By Scott Hammers

The Bulletin

If you go

What: Meeting on recreation liability

When: 6 to 8 p.m. Monday

Where: The Tap Room at Deschutes Brewery’s downtown location, 1044 NW Bond St.

A group formed in the wake of an Oregon Supreme Court decision opening the door to liability lawsuits against recreation businesses will be holding a public meeting in Bend on Monday.

The Oregon Big Tent Recreation Coalition was formed following a ruling by the court in the case of Bagley v. Mt. Bachelor. In 2006, 18-year-old Myles Bagley was paralyzed when he crashed while jumping in a terrain park at the ski area. Bagley sued seeking $21.5 million, but the Deschutes County Circuit Court and the Oregon Court of Appeals ruled that by signing a liability release when he bought his season pass, Bagley had waived his right to sue.

Last December, the Oregon Supreme Court overturned the earlier rulings, allowing the case to resume. A pretrial conference in the suit is scheduled for January.

Greg Leo, a lobbyist who’s represented Mt. Hood Meadows and served in various roles for the state Republican Party, is heading up the new group. Leo said ski areas were the first to take notice of the Bagley decision, but over the last year, raft guides, bicycle rental companies and other smaller recreational operations that require customers to sign liability waivers came to realize they could also be affected.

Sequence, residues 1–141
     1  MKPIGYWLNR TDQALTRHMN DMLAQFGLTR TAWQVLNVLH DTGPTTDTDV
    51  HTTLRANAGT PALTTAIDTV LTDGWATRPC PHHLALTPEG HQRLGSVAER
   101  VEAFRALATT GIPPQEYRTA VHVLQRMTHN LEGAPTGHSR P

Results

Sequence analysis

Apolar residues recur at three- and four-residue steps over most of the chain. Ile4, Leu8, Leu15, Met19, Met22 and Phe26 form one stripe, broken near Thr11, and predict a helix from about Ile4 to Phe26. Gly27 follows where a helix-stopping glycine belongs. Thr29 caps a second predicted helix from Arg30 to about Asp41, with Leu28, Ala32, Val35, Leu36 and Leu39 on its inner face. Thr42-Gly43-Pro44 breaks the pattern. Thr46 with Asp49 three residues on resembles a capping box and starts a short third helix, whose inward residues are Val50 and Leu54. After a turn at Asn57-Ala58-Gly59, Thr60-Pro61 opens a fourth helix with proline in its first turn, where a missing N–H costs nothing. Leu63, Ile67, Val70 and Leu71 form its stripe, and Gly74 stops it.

“It’s amazing, it could extend even into youth sports, it could affect state parks and recreation, any city or parks and recreation program,” he said.

Leo said there have been productive discussions on the issue between the Oregon Trial Lawyers Association and the Pacific Northwest Ski Areas Association and that he believes a solution acceptable to all sides is possible.

Sen. Tim Knopp, R-Bend, introduced a bill last year that would have limited the circumstances under which ski areas could be held liable by injured visitors, but the bill failed to make it out of committee.

On Friday, Knopp said the Democratic majority in Salem and the state trial lawyers association both opposed his bill, but he plans to try again with a similar bill that could provide legal protection to a wider range of recreation providers.

He said he’s unlikely to pursue the issue during the short legislative session scheduled for February, as legislators already have a number of complicated issues to deal with and the liability question is not a high priority for many of his colleagues.

Leo said he expects it could take a while for the full impact of the Bagley decision to become clear, and he doesn’t expect the issue will be able to gain traction in the legislature before 2017.

Leo, attorneys representing Mt. Bachelor and Mt. Hood Meadows, and a representative of the National Ski Area Association will be discussing current liability law and seeking input from people employed in the recreation industry at Monday’s meeting. The meeting is open to the public.

— Reporter: 541-383-0387,